People are celebrating all over Ireland today because of the judgement handed down in the Marriage Equality cake row in Northern Ireland. A Christian couple, the owners of a family bakery in Belfast, have been found guilty of discriminating against a customer on the grounds of his sexual orientation. He entered the bakery and ordered a wedding cake, not for a wedding but for a Marriage Equality event, to have Sesame Street characters Bert and Ernie on it alongside a slogan advocating same-sex marriage. The order was accepted, but upon further reflection the owners called the customer and rejected the order on religious grounds. As a Christian myself I do not agree that these people were in the right. Our faith places no demand on our refusal to afford equality to everyone, and their treatment of their customer was awful. Having said this, however, I equally do not want to live in a society where people are compelled to act against their consciences. From the details of the case it is clear that they did not turn the plaintiff away because of his sexual orientation. They turned away his order because of what it said. Agree with them or not, these people do believe that homosexuality is against the law of God. Forcing them to act otherwise will achieve nothing but further polarisation.
BreakingNews.ie (@breakingnewsie) May 19, 2015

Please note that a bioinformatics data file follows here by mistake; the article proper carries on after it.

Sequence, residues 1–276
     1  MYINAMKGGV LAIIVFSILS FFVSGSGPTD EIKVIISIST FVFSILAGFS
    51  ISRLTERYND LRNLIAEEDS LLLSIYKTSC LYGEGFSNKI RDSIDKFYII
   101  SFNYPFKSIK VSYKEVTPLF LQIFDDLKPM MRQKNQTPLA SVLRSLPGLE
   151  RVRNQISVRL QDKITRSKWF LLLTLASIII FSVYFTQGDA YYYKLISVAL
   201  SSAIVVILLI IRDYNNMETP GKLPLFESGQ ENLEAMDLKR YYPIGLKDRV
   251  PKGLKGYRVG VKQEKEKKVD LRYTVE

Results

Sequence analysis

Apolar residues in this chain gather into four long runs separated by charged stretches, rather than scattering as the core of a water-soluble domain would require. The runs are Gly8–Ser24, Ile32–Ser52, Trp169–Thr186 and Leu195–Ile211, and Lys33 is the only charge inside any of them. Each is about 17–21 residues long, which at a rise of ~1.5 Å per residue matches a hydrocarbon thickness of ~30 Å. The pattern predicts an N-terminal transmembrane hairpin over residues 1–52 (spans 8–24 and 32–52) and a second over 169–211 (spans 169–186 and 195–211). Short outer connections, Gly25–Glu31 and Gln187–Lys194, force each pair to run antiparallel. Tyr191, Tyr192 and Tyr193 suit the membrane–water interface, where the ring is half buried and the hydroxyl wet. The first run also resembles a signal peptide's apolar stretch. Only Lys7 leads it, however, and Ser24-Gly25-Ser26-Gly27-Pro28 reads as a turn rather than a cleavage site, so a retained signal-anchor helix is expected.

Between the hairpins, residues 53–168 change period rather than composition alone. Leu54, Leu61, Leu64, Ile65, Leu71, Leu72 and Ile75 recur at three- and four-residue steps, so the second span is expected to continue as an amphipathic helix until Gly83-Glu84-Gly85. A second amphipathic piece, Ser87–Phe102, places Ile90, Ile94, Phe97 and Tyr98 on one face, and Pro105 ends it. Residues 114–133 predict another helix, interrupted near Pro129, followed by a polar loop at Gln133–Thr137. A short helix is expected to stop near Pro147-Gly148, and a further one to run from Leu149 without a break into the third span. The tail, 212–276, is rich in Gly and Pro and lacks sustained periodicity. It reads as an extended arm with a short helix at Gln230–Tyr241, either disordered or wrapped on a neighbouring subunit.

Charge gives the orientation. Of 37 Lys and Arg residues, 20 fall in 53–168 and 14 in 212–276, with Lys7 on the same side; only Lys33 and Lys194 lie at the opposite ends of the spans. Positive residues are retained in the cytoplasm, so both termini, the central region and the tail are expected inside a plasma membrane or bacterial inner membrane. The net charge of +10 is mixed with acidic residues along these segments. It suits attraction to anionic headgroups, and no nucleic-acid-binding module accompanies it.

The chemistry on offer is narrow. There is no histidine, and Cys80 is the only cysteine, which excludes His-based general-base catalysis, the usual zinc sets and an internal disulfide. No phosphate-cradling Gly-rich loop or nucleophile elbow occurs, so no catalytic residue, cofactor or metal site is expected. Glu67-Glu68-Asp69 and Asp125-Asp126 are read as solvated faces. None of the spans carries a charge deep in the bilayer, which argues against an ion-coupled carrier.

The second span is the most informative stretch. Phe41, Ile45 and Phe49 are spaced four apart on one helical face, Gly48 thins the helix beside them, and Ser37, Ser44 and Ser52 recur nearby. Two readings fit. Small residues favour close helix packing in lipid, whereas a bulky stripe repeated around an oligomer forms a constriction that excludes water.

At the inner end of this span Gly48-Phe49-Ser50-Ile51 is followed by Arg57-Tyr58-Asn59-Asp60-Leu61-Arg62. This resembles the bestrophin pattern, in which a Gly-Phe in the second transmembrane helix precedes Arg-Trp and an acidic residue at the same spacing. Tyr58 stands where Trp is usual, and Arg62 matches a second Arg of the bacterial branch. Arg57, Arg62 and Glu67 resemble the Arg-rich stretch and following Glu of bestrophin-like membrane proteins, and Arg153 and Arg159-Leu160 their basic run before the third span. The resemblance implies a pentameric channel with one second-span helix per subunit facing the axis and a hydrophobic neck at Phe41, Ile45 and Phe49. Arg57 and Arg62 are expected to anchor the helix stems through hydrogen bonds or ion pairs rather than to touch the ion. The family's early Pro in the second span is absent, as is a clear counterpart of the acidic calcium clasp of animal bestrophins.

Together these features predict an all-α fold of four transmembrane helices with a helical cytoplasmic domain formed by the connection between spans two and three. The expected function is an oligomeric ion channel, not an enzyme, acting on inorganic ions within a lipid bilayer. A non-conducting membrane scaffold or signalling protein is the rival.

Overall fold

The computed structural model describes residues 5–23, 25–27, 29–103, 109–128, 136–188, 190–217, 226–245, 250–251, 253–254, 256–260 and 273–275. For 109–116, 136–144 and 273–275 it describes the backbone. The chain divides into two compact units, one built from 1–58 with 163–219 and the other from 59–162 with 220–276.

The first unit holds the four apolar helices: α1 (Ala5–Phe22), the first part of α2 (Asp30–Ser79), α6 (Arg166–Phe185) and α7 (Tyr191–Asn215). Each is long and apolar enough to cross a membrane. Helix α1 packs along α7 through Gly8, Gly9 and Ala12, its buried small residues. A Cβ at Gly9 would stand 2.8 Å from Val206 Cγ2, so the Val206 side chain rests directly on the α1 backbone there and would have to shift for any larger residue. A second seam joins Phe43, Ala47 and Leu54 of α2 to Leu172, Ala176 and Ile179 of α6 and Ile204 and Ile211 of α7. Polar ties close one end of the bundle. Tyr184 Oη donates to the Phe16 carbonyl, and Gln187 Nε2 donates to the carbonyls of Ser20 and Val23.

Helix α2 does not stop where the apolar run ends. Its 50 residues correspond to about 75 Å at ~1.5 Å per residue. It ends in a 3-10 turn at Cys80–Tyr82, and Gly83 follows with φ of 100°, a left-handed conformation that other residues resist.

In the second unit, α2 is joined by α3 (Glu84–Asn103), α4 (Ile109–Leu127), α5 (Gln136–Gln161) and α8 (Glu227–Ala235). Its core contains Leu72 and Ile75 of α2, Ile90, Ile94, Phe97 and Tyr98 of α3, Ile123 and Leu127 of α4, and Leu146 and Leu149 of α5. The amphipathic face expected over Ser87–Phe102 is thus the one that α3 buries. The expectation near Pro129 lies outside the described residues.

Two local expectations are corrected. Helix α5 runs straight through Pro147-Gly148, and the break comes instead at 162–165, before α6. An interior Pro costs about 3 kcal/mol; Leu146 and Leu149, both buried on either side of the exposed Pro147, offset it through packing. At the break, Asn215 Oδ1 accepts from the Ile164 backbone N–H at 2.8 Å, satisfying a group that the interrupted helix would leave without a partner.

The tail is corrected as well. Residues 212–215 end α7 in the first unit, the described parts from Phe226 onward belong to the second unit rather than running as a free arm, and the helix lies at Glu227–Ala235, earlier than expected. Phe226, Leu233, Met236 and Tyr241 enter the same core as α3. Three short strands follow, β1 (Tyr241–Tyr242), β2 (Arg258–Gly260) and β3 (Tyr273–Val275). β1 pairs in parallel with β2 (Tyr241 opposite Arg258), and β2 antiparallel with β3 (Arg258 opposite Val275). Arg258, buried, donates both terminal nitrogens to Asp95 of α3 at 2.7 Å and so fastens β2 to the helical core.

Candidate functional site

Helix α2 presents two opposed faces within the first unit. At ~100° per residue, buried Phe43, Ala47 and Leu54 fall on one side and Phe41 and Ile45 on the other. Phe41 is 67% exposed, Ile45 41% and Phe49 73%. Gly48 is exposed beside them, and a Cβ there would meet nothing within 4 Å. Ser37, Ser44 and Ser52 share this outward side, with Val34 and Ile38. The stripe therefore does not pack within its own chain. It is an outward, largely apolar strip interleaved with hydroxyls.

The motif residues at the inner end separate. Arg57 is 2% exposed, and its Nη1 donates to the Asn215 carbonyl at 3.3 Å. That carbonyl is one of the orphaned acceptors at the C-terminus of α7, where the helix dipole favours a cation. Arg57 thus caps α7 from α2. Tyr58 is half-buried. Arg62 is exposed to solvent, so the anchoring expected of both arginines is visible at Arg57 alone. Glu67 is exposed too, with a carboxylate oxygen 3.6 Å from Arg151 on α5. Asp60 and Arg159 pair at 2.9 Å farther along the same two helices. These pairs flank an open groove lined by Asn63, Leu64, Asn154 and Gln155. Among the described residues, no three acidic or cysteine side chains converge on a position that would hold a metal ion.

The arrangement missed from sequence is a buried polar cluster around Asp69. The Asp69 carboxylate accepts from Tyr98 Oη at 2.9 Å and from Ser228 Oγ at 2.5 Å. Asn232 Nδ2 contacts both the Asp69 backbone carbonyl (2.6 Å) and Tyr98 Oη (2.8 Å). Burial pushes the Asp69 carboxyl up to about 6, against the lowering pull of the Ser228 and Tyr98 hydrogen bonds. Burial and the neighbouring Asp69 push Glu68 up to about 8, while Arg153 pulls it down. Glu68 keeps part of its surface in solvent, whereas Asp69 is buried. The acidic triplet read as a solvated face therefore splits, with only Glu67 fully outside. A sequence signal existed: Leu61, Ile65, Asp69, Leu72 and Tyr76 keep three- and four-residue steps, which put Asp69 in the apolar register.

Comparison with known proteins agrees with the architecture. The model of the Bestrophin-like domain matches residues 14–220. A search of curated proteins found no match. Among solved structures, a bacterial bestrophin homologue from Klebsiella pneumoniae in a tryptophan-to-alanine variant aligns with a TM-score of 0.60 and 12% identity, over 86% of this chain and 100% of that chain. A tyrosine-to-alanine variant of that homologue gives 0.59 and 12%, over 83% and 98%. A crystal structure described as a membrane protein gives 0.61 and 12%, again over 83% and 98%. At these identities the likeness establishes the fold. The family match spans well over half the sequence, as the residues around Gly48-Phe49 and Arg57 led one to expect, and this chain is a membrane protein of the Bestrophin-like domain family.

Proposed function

So many have spoken out against a conscience clause in equality legislation, and so long as this so-called conscience clause allows for the mistreatment of people then it must be rejected, but there are other conscientious concerns. This man’s custom was not refused. What he wanted this family business to put on his cake was fundamentally at odd with their deeply held religious and conscientious beliefs – and they will break the law rather than act against these beliefs. Had I such a business there are certain perfectly legal slogans I would not emblazon across my produce. You want to force me by law then I will happily close up shop and, in some cases, be prepared to go to prison. I happen to be a big believer in conscience. My conscience is not the same as the McArthur family’s, but I do believe that, however misguided, they have a duty to obey their conscience. We will achieve absolutely nothing by becoming a society that punishes a person for obeying his or her conscience. We all know that the referendum on Friday is important and that every single vote counts. If this case has sent out the message that people of the McArthur’s religious worldview are to be persecuted then these people will mobilise. If you don’t trust me on this I think you need your head examined.